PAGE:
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Chinese EV Makers Squeeze Out Foreign Competition

Chinese electric vehicles are the talk of the world-or at least that part of it that is busy trying to transition from hydrocarbons-fueled to electric transport. For the most part, that talk is worried, because after turning China into the biggest EV market in the world, local carmakers are eyeing global expansion. Now, there's one more reason to worry: Chinese EV makers are squeezing out foreign brands at home, too.

The Financial Times reported this week how Chinese car dealers were dropping foreign ICE brands in favor of local electric models. The trend has a pretty simple explanation. Chinese electric cars have been getting cheaper due to not only technological progress and China's dominance in key materials but also because of cutthroat competition. The Mercedes Benzes and Infinitis of the world, however, don't have the dubious luxury of such competition, so prices are significantly higher.

This is happening at the same time as European and U.S. carmaking majors face a potential flood of cheap-but high-quality-Chinese EVs in their home markets, too. And it seems the situation may get even hotter because competition among EV makers in the Asian nation is still intensifying.

The Wall Street Journal last month suggested in a report that the price war among Chinese electric car manufacturers was just getting started. The first shots were fired last year, as slowing sales and a flurry of new market entrants prompted everyone to get creative to move their EVs. But with a supply overhang and still lukewarm demand from consumers, the creativeness-and discounts-will continue, with not everyone surviving the end of the war. Related: Governments Deliver Blow To EV Darlings

Already some Chinese EV makers are being forced to sell their cars at a loss, according to one car analyst from the World Digital Economy Forum who spoke to the Financial Times. "Everyone is cutting prices ... amid industry-wide overcapacity," Zhang Xiang said, adding that "Enormous inventory pressure has forced dealers to sell cars at a razor-thin margin or even at a loss."

In such a price war environment, foreign ICE brands have little chance of competing successfully. Unfortunately for their makers, so do the electric brands of the global carmakers because, in addition to lowering prices, Chinese manufacturers are improving their vehicles technologically, according to the New York Times.

According to a recent report there, Chinese carmakers were planning to launch as many as 71 new EV models this year on their home market-an already saturated market. However, it seems manufacturers believe there is still space for more models as they make their new cars roomier, safer, and all-around better-plus they charge faster.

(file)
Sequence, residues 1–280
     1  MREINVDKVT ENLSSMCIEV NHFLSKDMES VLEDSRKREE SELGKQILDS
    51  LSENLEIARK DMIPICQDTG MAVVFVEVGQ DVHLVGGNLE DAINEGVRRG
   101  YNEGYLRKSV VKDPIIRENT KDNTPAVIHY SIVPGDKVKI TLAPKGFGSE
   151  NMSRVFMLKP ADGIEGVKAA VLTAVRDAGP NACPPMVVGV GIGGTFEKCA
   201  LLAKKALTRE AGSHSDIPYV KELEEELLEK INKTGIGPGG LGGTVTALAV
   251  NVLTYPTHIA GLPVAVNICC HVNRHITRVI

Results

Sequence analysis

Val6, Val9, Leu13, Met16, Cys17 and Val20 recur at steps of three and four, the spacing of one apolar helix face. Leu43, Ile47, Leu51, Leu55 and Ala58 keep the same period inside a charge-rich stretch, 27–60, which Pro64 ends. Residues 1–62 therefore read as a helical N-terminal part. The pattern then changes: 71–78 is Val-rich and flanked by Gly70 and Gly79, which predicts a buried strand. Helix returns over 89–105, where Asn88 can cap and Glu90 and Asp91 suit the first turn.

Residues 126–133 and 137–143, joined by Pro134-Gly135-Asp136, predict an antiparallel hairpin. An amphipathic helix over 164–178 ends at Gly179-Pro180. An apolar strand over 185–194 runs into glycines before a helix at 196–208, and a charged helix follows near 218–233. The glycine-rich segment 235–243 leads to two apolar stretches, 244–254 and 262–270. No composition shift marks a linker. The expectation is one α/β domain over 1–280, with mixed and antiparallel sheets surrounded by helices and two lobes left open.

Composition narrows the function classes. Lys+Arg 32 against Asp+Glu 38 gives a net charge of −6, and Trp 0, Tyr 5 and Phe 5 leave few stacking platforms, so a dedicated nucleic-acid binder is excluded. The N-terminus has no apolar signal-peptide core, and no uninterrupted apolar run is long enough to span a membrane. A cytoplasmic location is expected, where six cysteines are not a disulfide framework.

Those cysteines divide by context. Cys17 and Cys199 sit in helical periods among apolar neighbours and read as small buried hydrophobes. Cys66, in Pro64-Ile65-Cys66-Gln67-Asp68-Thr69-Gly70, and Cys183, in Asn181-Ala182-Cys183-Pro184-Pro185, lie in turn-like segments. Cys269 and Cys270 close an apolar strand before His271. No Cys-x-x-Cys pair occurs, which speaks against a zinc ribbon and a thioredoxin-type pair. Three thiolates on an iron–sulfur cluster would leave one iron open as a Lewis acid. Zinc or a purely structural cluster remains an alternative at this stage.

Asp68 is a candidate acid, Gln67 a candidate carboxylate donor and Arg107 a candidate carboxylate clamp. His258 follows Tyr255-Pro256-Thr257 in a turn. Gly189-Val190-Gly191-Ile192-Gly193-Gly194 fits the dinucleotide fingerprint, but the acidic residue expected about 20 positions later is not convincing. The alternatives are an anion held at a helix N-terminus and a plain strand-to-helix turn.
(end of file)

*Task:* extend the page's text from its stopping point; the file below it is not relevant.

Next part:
These same technologically improved cars will soon head for Europe, where they will be competing against expensive European brands that are struggling to make their EVs more affordable, and the end of these struggles is nowhere in sight. Interestingly, despite the threat, some European carmakers are wary of the EU's attempts to prevent the flood. The reason: they depend on Chinese supplies of key materials, and they manufacture some of their models there.

"You could very quickly shoot yourself in the foot," said the chief executive of BMW this week, commenting on Brussels plans to introduce tariffs on Chinese EV imports. "We don't think that our industry needs protection," Oliver Zipse told analysts after BMW's first-quarter report, noting carmakers' reliance on China along the supply chain. "You can easily endanger that advantage by introducing import tariffs."

Yet competition from dirt-cheap Chinese EVs is a problem for non-Chinese auto giants in the context of government efforts to electrify as much of the transport means in their nations as possible. It is a genuine conundrum. On the one hand, the goal is to have as many EVs as possible on roads. For this reason, EVs must be cheap so more people can afford them. On the other hand, the cheapest EVs come from China, and giving them open access to European and U.S. markets would hurt local carmakers. Something would have to give.

By Irina Slav for Oilprice.com

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Irina Slav

Irina is a writer for Oilprice.com with over a decade of experience writing on the oil and gas industry. More